June 26, 2008

"Mongol" and "Project Kashmir"


This last week I watched two very disappointing movies that I had awaited so expectantly: "Mongol" and
"Project Kashmir".

Bodrov's Academy Award Nominee "Mongol" came on the heels of my reading Weatherford's "Genghis Khan and the Making of the Modern World", and even though the movie was much acclaimed by the academy it failed to grip the audience like Weatherford's novel on the same subject did. The film dealt at length with the courtship and relationship thereafter between the legendary Genghis Khan and Borte, his wife who he lost multiple times during the course of the movie. This movie is but the first part of a trilogy portraying the life of Genghis Khan, but it is unlikely that I watch the latter two parts.
Then I watched "Project Kashmir" at the Lincoln Center some 100 miles away and in the middle of a high tension work week! Alas, it proved a complete waste of time as it had nothing new to offer both in terms of its factual content and in its perspective on the Kashmir issue. In fact there were points in the film and in the question-answer session with the movie-makers that followed, when the entire project seemed rather amateurish; two friends, one of Pakistani origin and the other of Indian origin embarking on a journey into the heart of Kashmir to figure out how a 'healing' could be brought about for the Hindu 'pundits' and the Kashmiri Muslims. I would any day recommend another documentary on Kashmir, "Crossing the Lines", that I saw a few years ago on the Princeton Campus; made by Dr. Pervez Hoodbhoy and Dr. Zian Mian, it offered a more plausible perspective on the Kashmir issue and even had a semi-viable solution to offer at the end; diffusing the religiously volatile situation in Kashmir by luring its people with economic gains that would be independent of both India and Pakistan.

14 comments:

human being said...

hi my dear new friend, Id it is...
thanks for dropping in and your nice comment... and letting me know you... i visited your blog several times but couldn't leave any messages for you...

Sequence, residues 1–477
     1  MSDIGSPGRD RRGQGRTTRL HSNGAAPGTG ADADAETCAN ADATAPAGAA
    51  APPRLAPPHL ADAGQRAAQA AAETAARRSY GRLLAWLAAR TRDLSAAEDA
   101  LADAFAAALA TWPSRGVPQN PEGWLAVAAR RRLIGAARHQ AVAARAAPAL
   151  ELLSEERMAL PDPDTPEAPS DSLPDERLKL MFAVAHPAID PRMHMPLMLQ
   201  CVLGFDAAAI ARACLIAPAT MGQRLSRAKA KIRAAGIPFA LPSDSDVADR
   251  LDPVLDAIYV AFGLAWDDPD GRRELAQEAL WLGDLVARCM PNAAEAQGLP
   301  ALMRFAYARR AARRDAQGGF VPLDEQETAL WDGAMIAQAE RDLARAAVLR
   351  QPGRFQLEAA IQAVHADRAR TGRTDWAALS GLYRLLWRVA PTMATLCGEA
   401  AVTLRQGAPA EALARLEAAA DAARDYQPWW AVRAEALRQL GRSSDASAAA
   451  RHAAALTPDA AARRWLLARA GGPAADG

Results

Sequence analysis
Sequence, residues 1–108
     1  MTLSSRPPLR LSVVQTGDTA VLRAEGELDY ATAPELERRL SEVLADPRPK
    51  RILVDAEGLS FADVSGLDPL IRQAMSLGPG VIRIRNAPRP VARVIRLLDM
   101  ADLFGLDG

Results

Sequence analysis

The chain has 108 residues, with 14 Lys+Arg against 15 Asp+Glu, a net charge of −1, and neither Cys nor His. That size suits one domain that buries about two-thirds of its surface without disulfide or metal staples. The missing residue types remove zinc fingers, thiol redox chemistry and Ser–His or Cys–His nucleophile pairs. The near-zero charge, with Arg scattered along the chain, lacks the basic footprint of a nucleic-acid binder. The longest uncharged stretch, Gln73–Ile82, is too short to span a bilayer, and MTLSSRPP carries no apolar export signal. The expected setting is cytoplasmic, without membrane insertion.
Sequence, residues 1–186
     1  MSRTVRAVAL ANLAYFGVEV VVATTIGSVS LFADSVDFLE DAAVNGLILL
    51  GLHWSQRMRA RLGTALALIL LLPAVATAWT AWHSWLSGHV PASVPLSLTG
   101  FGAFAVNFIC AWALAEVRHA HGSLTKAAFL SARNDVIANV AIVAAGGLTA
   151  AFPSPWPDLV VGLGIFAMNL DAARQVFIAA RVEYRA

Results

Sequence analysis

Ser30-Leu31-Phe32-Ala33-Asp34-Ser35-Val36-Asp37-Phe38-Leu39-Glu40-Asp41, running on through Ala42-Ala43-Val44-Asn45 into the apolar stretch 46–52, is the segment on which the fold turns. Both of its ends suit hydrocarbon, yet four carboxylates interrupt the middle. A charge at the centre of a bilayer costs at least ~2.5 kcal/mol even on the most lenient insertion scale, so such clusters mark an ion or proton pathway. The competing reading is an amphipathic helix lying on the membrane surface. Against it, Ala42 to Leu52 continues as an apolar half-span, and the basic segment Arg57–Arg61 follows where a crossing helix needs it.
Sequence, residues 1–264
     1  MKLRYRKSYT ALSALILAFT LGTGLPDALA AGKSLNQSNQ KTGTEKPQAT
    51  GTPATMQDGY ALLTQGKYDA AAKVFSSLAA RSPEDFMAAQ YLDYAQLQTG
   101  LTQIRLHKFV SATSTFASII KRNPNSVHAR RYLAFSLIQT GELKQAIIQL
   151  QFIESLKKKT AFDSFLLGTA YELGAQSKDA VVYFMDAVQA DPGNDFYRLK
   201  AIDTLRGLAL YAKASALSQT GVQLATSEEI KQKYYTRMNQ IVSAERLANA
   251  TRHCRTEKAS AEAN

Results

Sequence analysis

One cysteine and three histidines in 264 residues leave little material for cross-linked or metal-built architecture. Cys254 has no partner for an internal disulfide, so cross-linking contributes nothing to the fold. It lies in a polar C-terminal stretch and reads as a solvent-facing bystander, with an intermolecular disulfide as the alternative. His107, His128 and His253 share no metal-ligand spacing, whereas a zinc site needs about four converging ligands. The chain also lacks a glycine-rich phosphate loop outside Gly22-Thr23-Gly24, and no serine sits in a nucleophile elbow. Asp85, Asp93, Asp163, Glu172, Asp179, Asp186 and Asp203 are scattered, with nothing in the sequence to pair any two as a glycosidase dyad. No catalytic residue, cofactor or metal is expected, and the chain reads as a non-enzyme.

i found the subjects you write about very interesting... some of which i am ignorant about... i love to come here and learn more...
and when crows learn, they crow a lot... ready for that?

human being said...

oh these lines and borders...
i have always wanted to know about the way countries divide...
intellectuals should find ways to discuss these issues more profounly...
some forces trigger ignorant people's feeling to vote for seperation...
when they become aware, perhaps...

human being said...

sorry: separation
:)

cubano said...

This sucks! I have been waiting to see Mongol for a while..I haven't read the book so my opinion may differ from yours...

I haven't seen Project Kashmir but I saw hoodbhoy's film and thought that it was excellent.

kannan udayarajan said...

I was looking forward towards watching Mongol..a bit confused now..:)

Pacze Moj said...

I think Mongol would have been better without the courtship. It was still better than Bodrov's Nomad, though!

Zdenek Kislar said...
This comment has been removed by the author.
Pacze Moj said...

...especially when that film about an underrepresented culture is made by a Russian and stars a Japanese actor in the lead role!

lol.

If Hollywood did that, people would scream "cultural imperialism" and call it a "stupid, romantic, American view of Genghis Khan".

Id it is said...

Pacze,
"If Hollywood did that, people would scream "cultural imperialism" and call it a "stupid, romantic, American view of Genghis Khan"."

Truly said!

Hammer said...

yes. Lash :)

and yes pacze, rightly said

bablu said...

Well - the valley is the news for the wrong rasons again ! Paradise on earth has become a deathgrave !

EYE said...

perhaps i should chec out crossing the borders

kk said...

I totally agree with your review of Mongol-the only thing I'd add is that it compelled me to research and I came up with Weatherford's book that you mention. It was great! So, for those who know virtually nothing about Genghis Kahn, I'd say see the movie and then read the book-but, definitely read the book.

KK

Id it is said...

KK
Thanks for stopping by. The book about Genghis Khan by Weatherford is a very gripping read no doubt; in fact I'd read and reviewed the book a while before I watched the movie.